July, 2020

South Asian Women and the World of Politics

By Dupinder Kaur Saran

Despite being highly qualified all the seven South Asian women who ran in the 2018 Surrey municipal elections, could not make it through. Dupinder Saran, a registered nurse, who ran as a school board tries to find out the reason?


Entering the world of politics is not easy as we all know and understand.  Although politics is a career in which previous education in the area is not a necessity, knowledge in the area would be an asset in understanding the world a little more.

What criteria should be important when becoming a politician? What should politicians know or be aware of and why are they choosing to run? What biases you may face when running your campaign, and the level of games ultimately which occur during the election process in order to move ahead in the playing field?  These are all questions one should ask themselves when deciding to become a politician.

This career can be difficult for all as one is aware, since it is a matter of running a school, a city, a province or state, and the world after all.  After considering all of this, we then have the question of gender gap in the political world.  A woman running in politics versus a man.

According to the United Nations in June 2016 there were only about 22.8% of women involved in the parliament which was an 11.3% increase since 1995.  That is something to think about.  Despite that increase, is it that enough women are not choosing this area to work in, or is that enough women are just not being elected in.

As a woman who decided to run as school board trustee during the municipal elections in Surrey BC with an educational background as a registered nurse and a strong background of community service, I can truly understand the hardships faced during a campaign. I feel we need to not only question why so many women are not in the political field, but those who do choose to run, does being a South Asian woman also hinder your chances even more of becoming elected.

During this municipal election in British Columbia, many women ran, and out of those many, some were South Asian.  It was a great experience to have been able to campaign during a time when other South Asian females took the leap as council or school board trustee candidates in different municipalities throughout the Lower Mainland.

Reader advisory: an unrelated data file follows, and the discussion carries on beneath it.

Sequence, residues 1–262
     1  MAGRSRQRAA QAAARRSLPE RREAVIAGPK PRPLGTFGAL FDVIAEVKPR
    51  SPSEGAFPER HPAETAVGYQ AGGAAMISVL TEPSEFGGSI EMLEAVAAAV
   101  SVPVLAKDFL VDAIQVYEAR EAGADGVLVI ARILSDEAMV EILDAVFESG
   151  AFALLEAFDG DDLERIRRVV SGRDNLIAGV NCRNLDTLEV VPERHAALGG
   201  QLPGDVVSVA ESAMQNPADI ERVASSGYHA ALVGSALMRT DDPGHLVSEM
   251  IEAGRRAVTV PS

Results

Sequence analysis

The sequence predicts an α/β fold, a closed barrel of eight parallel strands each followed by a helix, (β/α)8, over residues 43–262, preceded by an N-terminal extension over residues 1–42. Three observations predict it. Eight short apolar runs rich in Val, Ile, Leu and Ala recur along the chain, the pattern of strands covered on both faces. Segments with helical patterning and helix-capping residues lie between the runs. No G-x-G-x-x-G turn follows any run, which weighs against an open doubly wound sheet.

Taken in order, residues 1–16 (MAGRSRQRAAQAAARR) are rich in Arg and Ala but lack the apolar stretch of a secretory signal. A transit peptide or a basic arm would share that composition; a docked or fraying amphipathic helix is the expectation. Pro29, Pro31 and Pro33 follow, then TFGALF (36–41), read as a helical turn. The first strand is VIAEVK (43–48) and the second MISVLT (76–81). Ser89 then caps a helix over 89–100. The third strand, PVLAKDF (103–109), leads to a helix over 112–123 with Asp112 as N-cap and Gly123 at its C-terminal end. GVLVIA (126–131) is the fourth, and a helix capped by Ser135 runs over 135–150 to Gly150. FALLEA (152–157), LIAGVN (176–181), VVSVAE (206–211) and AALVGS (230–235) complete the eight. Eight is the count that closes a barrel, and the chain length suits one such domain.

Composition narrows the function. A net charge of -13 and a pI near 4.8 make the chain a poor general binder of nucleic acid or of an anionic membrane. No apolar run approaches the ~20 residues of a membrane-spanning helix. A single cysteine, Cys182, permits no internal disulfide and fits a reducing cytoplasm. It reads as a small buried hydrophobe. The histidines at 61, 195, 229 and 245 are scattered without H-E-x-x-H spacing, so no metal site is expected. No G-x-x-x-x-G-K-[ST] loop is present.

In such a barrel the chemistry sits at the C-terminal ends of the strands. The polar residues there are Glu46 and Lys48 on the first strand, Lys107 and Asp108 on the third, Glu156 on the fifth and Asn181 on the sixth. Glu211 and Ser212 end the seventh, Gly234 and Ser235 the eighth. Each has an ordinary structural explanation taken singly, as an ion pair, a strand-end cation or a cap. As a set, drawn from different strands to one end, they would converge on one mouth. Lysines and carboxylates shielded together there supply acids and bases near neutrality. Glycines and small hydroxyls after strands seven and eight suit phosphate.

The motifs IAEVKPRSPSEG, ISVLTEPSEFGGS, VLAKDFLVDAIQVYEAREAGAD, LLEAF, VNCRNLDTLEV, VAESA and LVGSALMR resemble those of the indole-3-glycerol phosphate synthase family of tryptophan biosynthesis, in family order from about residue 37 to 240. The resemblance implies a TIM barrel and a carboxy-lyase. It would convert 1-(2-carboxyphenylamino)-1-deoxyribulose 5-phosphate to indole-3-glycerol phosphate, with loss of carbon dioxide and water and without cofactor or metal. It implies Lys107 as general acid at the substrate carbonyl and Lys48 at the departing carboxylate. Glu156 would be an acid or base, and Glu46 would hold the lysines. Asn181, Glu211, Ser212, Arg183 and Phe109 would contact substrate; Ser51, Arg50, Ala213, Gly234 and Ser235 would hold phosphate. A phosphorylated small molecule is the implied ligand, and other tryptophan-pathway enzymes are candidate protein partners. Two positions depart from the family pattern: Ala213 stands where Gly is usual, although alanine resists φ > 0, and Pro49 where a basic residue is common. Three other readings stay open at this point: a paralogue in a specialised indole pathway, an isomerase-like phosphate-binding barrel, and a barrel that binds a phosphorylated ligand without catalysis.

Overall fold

One thing I was certain about, was one of us will make it and get elected. How exciting, not only women from mainstream running to be elected, but South Asian women finally becoming more heroic in their efforts to step-up as well.  Over the years, when even a single South Asian woman decided to run municipally, provincially, or federally we all feel the need to support another female.

However, this time there were many of us.  So, looking forward to the fact that maybe one of us may have the opportunity to have an elected seat, it was a disappointment when the election results tallied up and not one of us made it.

The question then was why not?  So many of us were qualified and great candidates, some who had ran campaigns before or had assisted on other campaigns and knew what to expect, but despite that, not one, not two, but 7 candidates all South Asian women who did not make it.  Even though the experience was great for us, what are the underlying factors that make it so difficult for women to succeed in this area, and not just women, but South Asian women.

Is the male or female equivalency a factor, is it that being a woman of color you must work harder to have the same deserving seat, or is it that the South Asian woman herself is missing what it may take to be elected in.

In the past we have seen some South Asian women become elected in the provincial or municipal elections, so there must be something that was absent this time round. Difficult to state, but something worth the talk, as not a single South Asian woman candidate was elected into the municipality.  All running clean campaigns, and trying to get noticed as hard working, successful women, who already help with community service, the factor lies unnoticed.

What will it take for not only more women, but those from a South Asian background whom other women or young females can look up to, to be elected.  What will it take to rise to the top? How to succeed in this much needed area in our community.  What kind of further support is required? Who is willing to step up when another opportunity arises after seeing that many strong women failed in this run?

As they say though failures are what leads to success at times, so the way I see it, this just might be a stepping stone that has created a platform for others or ourselves to learn to succeed in an area that has many stones unturned yet.  After this experience, I see that our community has a long way to go still, and I am determined to help those women who choose politics in the future.  I feel when there are strong, successful, qualified female candidates, we must support them as we need to grow in this area.

I hope to see many more women, especially South Asian women, stepping up to the platform in the future and taking a stand where it’s required in today’s date.I hope a momentum is created after the municipal election for South Asian Women to create their platforms.  In the World of Politics!

Dupinder Kaur Saran (CEO, RN)

Nurse On the Go Home and Health Care Services

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